Wednesday, May 13, 2015

Spring, Sprang, Sprung

In the southwest of France, our spring is morphing into summer. The gladiolus* say so.

Rosemary, sage & fennel herb at left, sweet violet/iris foliage, roses & gladiolus on right

The miniature variety requires no staking, is winter hardy, and spreads by seed throughout the garden. Wherever the volunteers land, I let them be, whether in the lavender hedge, rose bed, or among the irises.

Lettuce is a challenge to grow chez nous because of the heat, so this season, successive plantings are being shaded with a strip of old cotton sheeting clothespinned to curved supports found in the dilapidated shed when we moved in about five years ago.

Onions on the left and a tomato bed in the background

The other day I noted the melon, winter squash, cucumber, and basil transplants patiently waiting to be put in their beds were being devoured by snails. The lone perpetrator was eventually found hiding between two pots. Shortly after, the population of our garden's wild area increased by one.

The ravenous snail that ate two baby basil plants has new digs among the brambles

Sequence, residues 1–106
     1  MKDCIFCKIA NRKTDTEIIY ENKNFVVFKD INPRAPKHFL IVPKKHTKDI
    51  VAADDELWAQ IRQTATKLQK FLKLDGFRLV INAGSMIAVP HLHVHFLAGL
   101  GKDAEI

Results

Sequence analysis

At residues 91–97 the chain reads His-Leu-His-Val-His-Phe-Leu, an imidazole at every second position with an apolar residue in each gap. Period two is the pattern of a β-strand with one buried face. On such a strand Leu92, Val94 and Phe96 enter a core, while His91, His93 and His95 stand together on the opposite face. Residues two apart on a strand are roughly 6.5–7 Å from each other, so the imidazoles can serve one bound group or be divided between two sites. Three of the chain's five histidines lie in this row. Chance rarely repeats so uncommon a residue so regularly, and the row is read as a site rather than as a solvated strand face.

Though the peas weren't planted early enough and are succumbing to the heat, the ones planted in a pot just for harvesting pea shoots are supplying enough for some tasty meals. For one quick meal, washed and chopped shoots are sauteed in butter until soft which takes a few minutes. Then eggs are added and scrambled correctly.

Pea shoots & scrambled eggs on sourdough rye bread

For another easy meal, throw in some sliced shoots during the last couple of minutes when boiling pasta. Drain. Saute minced garlic in olive oil, add several spoonfuls of reserved water from cooking the pasta, and stir the shoots and pasta in this sauce until well coated and most of the liquid is gone, about a minute or so. Sprinkle with fleur de sel, freshly ground black pepper, and grated Parmesan.

The roses continue to delight. Ferdinand Pichard, a fragrant bourbon rose, unfolds bi-coloured blossoms.

Yellow roses are invigorating sunshine and billowing clouds all in one.

Golden Showers variety

David Austin's Falstaff climber flaunts quartered blooms, damask-like fragrance, and stunning velvety, magenta petals.

Meanwhile in the house, Dirac the Young Cat is turning out to be a self-bathing feline.

We were mistaken to think he does not like boxes. They just have to be small boxes, the tinier, the better.

À la prochaine!

*Count me in the group that uses the same spelling for both the singular and plural, that is, gladiolus.

No comments:

Post a Comment